He took them north, knowing they would eventually turn west toward the cemetery. As he rode, he felt tears soak the back of his shirt.
Life without parole was a hollow sentence for the one kidnapper they had caught. Sara lived the same sentence.
er car is here.” Adam gestured to the gray sedan with the familiar license plate as he walked with his brother-in-law toward the elevator.
Jordan turned to inspect the car Adam had indicated. “I can’t believe you managed to spend two hours with the lady and not get her last name.”
“Believe me, no one regrets that fact more than I do. I can’t find her.” Adam’s frustration was acute. He was hoping his brother-in-law, who also happened to be his lawyer, would have a few good suggestions.
“She doesn’t work normal office hours. Sometimes the car is here at 7 A.M., and other times it doesn’t appear until noon. She’s normally gone by five, but occasionally it’s as late as ten. I don’t know where she works. She doesn’t go to any of the first-floor restaurants for lunch.”
“What about the maître d’ at the hotel restaurant? He would surely know her last name.”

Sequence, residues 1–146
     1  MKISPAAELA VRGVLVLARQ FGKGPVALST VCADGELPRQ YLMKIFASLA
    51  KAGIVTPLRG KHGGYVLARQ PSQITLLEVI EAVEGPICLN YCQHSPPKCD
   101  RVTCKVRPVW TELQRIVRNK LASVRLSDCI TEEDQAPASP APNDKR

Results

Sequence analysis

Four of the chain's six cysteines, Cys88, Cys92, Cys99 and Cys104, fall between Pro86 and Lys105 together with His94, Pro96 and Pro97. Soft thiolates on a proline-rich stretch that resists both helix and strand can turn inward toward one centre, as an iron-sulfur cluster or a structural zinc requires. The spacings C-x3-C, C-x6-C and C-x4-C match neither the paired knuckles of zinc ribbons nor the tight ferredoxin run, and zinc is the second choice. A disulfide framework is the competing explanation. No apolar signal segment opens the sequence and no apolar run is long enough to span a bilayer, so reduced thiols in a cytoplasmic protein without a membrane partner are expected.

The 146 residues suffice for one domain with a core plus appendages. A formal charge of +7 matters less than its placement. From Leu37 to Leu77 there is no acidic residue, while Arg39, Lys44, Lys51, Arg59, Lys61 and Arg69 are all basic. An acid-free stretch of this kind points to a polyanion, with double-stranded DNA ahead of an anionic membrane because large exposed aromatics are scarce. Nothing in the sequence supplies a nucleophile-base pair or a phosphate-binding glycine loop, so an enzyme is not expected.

“Too embarrassing.” He seriously wanted to see Sara again, but the only sure way to get her last name he rejected because he would feel foolish—it said something not too pleasant about his ego.
“Why not just wait down here for her to show up?”
“I tried that. On one of those days her car was here late, I waited until past midnight. She never showed.”
“You said she got on the elevator on the sixth floor. It would make sense that she worked on that floor.”
“There’s an architect firm, a dentist office, two private law offices, and a publishing distributor.”
“Perfect fit—a publishing distributor. She’s a writer.”
“The receptionist claims no one named Sara works there. I even sent a large bouquet of flowers, and the deliveryman got the same answer. No Sara. I did the same with the other businesses. Same answer.”
The elevator took them up to the twenty-fifth floor.
“Okay, then you’ve got two choices: wait on luck to bump into her again or start doing a systematic search to find her.”
“I want to know where she works and I want her last name. I’m ready to try just about anything to accomplish that.”
He hadn’t told Jordan everything.
Since that night, Sara had been on his mind constantly.
At first, he had thought it would be a simple thing to find her. They worked in the same building, parked in the same garage, likely ate lunch in the same lobby restaurants. He had hoped she would want to see him again too. Crossing paths should have been simple to arrange.
But after three weeks, Adam knew the opposite.
She didn’t want to see him again.
Three days after the incident, he had left a note under the windshield wiper of her car, asking her to call him. He worked on edge the entire next day waiting for her to call.
She hadn’t called.